You are an expert in globalization, internalization and localization of software, so given this vast experience and expertise, what is more important – linguistic or software engineering background? What skills and competences are necessary to succeed in software localization and internationalization?

The best is a combination of both linguistic knowledge and a good understanding of software processes. However don’t give up if you don’t have a degree in software engineering. You can develop a lot of skills yourself on the job. I also took courses on programming to learn how it works. It is important to be able to talk to developers and engineers in their language and understand what they do so that you can easily blend your processes into their workflows.

In my opinion, we need more women in technology; women often are trained to develop great interpersonal skills. There are plenty of career opportunities for us in tech companies and we should not be afraid to seize them.

I believe you have been already involved in helping women to advance in their tech careers as a mentor in the TechWomen organization. Could you tell me a bit more about it? What are the goals of this organization and what was your experience as a mentor?

TechWomen is a program of the U.S. State Department. It brings technical women from the Middle East and Africa to Silicon Valley for a month to work in companies and organizations. Acting as a mentor for other women from emerging countries is a very enriching experience. There are two types of mentorship, professional and cultural. I strongly recommend checking their website ( where all details are outlined. Many members of Women in Localization have been involved in this program; it’s a great fit for women interested in other cultures, and we hope to see even more engagement this year. We will be sharing more details on how to contribute in coming months, so we certainly welcome you to follow our blog for more insights.

Do you have any recommendations that you would like to share with W.L. to help them succeed in the challenging world of localization?

I would like to encourage all women to be confident and believe in their own strengths, especially when you look for a new job. Recent research shows that women tend to think they need to meet 100% of the job requirements upfront before even applying for a position. Men on the other hand will take a chance and apply even if they don’t meet all the requirements. I would like to see women dare to leave their comfort zone and try new things. After all, it is not only about the requirements; often the right attitude and a good fit to the team or culture are as important as an ideal CV. Employers look for employees with the potential to learn, grow, and contribute in many ways, so meeting all requirements becomes a secondary factor.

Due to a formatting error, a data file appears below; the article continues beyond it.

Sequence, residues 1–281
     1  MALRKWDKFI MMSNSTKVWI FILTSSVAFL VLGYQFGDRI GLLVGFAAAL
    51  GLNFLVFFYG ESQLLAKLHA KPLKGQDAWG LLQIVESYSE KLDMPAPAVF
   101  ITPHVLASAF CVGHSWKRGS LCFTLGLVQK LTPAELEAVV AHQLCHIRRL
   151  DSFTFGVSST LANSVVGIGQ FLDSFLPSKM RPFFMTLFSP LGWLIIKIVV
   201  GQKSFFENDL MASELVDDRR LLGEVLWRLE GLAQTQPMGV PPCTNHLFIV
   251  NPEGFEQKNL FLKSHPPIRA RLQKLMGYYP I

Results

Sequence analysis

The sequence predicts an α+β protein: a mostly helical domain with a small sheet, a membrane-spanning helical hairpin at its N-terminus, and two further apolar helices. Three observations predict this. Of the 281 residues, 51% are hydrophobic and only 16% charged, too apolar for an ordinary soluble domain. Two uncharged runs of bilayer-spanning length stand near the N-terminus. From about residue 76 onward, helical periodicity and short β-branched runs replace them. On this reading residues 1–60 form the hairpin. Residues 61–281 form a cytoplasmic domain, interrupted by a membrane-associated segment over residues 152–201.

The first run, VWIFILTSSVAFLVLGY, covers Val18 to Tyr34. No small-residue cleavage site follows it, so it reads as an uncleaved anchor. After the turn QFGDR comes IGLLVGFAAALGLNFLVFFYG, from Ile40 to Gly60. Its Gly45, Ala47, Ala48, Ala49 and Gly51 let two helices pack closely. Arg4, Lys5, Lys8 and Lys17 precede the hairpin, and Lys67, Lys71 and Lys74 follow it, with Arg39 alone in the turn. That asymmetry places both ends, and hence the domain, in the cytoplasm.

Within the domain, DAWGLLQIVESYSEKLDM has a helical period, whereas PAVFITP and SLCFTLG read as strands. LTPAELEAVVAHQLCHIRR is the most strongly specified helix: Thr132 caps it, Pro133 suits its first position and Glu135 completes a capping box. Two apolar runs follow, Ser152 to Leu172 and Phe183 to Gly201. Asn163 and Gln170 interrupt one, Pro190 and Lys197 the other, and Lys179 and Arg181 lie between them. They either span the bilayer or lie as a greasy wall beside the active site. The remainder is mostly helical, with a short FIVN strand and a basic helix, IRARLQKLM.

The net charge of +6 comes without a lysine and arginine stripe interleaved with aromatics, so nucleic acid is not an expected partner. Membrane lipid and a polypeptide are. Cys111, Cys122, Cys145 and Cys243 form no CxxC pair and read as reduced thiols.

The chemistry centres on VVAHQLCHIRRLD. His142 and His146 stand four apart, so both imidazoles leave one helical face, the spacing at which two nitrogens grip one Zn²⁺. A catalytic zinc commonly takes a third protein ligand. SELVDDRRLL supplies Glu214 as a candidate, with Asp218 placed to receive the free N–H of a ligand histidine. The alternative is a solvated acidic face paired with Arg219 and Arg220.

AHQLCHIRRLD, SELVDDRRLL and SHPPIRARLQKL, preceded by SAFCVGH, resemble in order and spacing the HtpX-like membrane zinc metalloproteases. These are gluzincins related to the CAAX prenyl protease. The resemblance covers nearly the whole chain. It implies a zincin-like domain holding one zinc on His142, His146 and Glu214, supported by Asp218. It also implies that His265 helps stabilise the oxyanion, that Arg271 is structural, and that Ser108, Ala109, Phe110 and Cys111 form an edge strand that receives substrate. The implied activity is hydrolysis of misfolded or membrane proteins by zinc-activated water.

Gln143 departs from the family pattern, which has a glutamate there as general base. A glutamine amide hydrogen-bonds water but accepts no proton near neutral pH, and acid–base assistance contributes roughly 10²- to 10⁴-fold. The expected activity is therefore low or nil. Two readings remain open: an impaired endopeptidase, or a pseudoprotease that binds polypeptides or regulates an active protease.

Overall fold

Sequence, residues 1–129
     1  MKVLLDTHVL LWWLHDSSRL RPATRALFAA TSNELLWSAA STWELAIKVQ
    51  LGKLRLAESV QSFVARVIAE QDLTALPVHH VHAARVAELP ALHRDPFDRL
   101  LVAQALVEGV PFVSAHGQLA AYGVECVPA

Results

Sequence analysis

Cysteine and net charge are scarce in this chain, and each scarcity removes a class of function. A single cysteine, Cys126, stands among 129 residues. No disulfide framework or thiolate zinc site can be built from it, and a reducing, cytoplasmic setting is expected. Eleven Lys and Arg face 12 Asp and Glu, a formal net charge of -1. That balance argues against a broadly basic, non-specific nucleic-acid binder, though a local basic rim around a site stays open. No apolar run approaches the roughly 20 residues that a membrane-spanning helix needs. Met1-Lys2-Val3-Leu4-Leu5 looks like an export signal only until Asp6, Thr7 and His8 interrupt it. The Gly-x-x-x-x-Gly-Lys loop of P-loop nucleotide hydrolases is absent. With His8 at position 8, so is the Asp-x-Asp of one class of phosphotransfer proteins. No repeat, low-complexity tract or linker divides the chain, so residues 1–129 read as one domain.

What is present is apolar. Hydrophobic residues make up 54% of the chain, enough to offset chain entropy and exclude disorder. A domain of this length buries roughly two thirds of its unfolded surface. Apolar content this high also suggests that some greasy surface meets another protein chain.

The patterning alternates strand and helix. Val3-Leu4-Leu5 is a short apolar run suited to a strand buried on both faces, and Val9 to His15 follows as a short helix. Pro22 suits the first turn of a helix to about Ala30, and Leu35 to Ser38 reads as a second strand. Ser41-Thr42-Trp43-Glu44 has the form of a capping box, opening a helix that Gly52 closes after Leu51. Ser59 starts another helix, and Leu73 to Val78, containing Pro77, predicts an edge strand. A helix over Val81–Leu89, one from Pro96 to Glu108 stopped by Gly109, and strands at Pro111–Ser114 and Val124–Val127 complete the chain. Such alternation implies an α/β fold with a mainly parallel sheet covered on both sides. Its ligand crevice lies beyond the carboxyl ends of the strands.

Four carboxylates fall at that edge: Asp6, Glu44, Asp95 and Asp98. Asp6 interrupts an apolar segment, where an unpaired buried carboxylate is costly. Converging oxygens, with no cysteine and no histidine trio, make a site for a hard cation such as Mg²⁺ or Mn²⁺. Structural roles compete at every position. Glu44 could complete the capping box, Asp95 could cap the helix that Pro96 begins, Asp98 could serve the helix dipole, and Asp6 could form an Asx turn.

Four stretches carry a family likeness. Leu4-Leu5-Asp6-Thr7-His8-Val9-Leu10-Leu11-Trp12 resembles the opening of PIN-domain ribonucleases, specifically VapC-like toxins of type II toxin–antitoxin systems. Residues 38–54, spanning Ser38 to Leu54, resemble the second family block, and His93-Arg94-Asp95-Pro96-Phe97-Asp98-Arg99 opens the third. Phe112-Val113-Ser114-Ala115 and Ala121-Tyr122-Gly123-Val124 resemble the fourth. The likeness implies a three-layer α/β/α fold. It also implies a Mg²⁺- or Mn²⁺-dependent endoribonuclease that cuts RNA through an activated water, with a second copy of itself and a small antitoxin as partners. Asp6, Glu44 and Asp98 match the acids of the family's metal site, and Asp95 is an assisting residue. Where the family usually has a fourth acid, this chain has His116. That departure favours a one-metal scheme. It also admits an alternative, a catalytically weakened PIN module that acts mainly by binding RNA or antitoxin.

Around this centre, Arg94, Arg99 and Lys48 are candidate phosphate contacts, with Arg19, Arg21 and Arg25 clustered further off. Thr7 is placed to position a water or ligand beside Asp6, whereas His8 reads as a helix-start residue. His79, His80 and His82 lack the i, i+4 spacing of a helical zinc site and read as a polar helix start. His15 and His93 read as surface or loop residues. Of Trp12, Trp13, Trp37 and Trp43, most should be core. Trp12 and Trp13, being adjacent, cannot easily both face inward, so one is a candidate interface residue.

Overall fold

It is essential as well that women are proactive and constantly seek new opportunities within their current position and not limit themselves to assigned tasks but look around for new challenges. It’s a good way to gain experience and show your potential.

What is more, you should not expect that your career will always go up the ladder. Sometimes it is very beneficial to go sideways to broaden your horizons and get more breadth. The knowledge and skills you gather while exploring the side paths will certainly help you later to assume new positions where wide perspective will make you a better leader.

Photo1Martyna Pakula, Account Director at JONCKERS, guides organizations to unlock their potential in the international marketspace and succeed in the global arena. Martyna’s passion for languages and travel made her depart from her homeland Poland and head towards Spain to continue her studies, then move to Belgium to complete her education and embark on localization adventure. It was in Belgium where her career reached cruising speed, however next stop was approaching inevitably. Martyna arrived to San Francisco in 2013 to make her American Dream come true.